Gunner Peter Jackson Naude, South African Artillery & Engineers

WW2 Group of 6 Medals

This group is accompanied by Naude’s medal issue certificate, and scanned copies of his Conduct sheets, service papers, Attestation papers, Trade test certificates, Medal application, and Service cards. He is entitled to an 8th Army clasp which unfortunately has been lost, or as was the commonly the case with South African groups, never issued.

$ 265.00 AUD

1 in stock

Description

Peter Jacobus (Jackson) Naude was born in 1905 and was a boilermaker working at the Toongatt Sugar Company, a prior to joining the South African Army, leaving behind his wife and for service with the South African Artillery. Naude also interesting had 4 years of service with the Royal Naval Volunteer Reserve.

Naude was initially posted as a gunner to the 11th Battery, 4th Light Brigade of the South African Artillery, before being assigned B battery, 2nd Anti-Tank Regiment of the South African Artillery, being transferred to Egypt as a result. Naude also came down with Influenza in July 1940, spending some time in hospital. Naude on arrival in Egypt was transferred over to the SAEC, likely due to their high demand for skilled tradesmen. He was assessed as qualified in 1943, and re-instated as a boilermaker within the SAEC. Naude remained with the SAEC, serving through North Africa and Italy, entitling him to his impressive 6 medal entitlement.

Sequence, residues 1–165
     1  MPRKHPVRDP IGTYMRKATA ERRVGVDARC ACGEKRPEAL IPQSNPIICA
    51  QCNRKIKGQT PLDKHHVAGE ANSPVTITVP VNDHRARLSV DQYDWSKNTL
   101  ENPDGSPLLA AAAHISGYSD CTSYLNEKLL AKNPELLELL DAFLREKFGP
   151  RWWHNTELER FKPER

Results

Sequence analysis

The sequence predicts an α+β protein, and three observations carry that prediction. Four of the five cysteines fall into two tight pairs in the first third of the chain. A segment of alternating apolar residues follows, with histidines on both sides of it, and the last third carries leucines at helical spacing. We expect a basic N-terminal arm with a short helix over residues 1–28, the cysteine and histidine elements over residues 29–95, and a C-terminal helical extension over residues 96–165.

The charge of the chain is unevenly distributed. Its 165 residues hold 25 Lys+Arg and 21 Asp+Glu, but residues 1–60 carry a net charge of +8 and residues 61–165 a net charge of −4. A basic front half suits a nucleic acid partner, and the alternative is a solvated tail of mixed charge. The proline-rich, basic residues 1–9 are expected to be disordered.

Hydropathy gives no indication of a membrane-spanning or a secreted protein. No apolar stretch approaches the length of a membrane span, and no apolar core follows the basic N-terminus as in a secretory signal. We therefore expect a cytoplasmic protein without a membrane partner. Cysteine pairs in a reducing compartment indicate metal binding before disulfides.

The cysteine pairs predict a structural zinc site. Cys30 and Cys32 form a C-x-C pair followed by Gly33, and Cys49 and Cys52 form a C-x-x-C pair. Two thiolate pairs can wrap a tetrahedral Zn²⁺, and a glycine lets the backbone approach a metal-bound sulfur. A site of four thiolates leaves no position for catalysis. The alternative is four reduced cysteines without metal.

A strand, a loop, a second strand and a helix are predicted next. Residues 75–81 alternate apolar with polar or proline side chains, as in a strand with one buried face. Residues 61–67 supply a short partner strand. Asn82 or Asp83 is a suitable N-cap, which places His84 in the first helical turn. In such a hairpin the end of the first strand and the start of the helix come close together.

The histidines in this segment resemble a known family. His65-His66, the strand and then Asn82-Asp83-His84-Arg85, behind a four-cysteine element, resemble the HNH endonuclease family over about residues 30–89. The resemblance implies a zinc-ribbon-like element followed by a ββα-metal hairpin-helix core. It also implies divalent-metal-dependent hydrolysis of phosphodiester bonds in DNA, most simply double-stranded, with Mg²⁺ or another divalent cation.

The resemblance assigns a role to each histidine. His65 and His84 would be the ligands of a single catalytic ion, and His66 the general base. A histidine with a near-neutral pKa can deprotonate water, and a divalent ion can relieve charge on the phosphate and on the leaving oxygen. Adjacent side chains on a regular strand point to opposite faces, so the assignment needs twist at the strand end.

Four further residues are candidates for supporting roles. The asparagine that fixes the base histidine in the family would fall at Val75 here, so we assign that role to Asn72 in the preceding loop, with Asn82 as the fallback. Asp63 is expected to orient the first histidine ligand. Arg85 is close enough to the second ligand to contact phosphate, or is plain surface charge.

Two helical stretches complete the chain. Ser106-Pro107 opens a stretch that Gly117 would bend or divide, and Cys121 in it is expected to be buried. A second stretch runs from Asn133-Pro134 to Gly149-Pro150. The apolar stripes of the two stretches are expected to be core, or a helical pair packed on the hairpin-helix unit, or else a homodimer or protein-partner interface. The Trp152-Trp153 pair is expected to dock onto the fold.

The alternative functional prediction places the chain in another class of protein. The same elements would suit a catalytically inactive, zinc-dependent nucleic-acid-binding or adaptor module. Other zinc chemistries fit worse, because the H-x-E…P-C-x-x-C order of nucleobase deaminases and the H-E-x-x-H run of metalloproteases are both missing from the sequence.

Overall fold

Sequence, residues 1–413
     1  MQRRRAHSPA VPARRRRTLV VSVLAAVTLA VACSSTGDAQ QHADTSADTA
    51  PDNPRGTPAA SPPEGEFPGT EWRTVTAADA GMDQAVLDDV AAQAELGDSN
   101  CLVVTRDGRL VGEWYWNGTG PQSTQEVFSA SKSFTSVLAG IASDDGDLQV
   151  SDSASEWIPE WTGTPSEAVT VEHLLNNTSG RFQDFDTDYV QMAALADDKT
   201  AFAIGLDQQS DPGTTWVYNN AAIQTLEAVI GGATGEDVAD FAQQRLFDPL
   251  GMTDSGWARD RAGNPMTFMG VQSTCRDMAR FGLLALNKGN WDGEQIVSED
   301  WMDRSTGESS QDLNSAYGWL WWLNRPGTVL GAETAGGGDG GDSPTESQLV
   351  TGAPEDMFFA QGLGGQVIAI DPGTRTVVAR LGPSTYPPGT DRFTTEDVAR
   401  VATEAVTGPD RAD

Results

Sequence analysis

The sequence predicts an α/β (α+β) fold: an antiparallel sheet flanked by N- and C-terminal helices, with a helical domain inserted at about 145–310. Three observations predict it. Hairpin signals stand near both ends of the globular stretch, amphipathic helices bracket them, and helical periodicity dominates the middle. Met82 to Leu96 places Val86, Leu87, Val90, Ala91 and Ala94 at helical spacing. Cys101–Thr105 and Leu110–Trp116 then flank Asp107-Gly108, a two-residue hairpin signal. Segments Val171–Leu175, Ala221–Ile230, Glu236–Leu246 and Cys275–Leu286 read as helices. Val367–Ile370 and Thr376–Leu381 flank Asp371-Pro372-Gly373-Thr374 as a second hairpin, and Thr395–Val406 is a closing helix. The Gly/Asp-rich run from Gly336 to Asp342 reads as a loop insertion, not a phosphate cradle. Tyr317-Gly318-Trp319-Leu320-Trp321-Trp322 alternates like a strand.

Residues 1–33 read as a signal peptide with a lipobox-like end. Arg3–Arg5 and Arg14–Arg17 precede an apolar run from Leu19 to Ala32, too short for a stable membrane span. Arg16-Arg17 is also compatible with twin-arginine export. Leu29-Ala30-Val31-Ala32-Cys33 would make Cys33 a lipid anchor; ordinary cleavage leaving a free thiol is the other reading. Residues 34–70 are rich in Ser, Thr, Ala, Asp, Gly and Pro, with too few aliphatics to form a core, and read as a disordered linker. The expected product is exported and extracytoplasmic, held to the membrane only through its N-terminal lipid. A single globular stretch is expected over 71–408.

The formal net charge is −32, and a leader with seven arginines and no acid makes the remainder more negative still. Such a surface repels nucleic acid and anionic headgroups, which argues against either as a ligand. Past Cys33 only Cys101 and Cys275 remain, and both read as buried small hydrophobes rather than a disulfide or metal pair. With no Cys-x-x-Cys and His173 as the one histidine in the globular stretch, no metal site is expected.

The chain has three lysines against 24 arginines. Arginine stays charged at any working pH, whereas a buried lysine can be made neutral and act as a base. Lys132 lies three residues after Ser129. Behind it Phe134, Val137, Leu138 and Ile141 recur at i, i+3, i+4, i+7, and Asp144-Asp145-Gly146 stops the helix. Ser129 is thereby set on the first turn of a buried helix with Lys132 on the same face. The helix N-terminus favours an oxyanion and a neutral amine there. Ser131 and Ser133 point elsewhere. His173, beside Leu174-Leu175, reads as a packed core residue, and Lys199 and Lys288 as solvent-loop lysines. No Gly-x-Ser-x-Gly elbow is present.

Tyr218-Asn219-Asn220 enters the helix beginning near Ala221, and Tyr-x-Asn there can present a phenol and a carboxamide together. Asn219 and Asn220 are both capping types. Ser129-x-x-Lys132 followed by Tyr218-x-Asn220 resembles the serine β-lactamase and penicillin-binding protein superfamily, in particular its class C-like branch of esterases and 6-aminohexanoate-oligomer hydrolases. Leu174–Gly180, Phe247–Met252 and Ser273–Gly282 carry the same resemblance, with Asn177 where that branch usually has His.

Naude was discharged with benefits on the 17th of June 1945 after serving 5 years and 71 days. He placed his application for his medals on the 31st of March 1947, however his medal issue certificate indicates he was deceased, which is very strange. He did spend several stints in hospital however, so he may have potentially been in poor health and died before the medals were received.

This group is accompanied by Naude’s medal issue certificate, and scanned copies of his Conduct sheets, service papers, Attestation papers, Trade test certificates, Medal application, and Service cards. He is entitled to an 8th Army clasp which unfortunately has been lost, or as was the commonly the case with South African groups, never issued.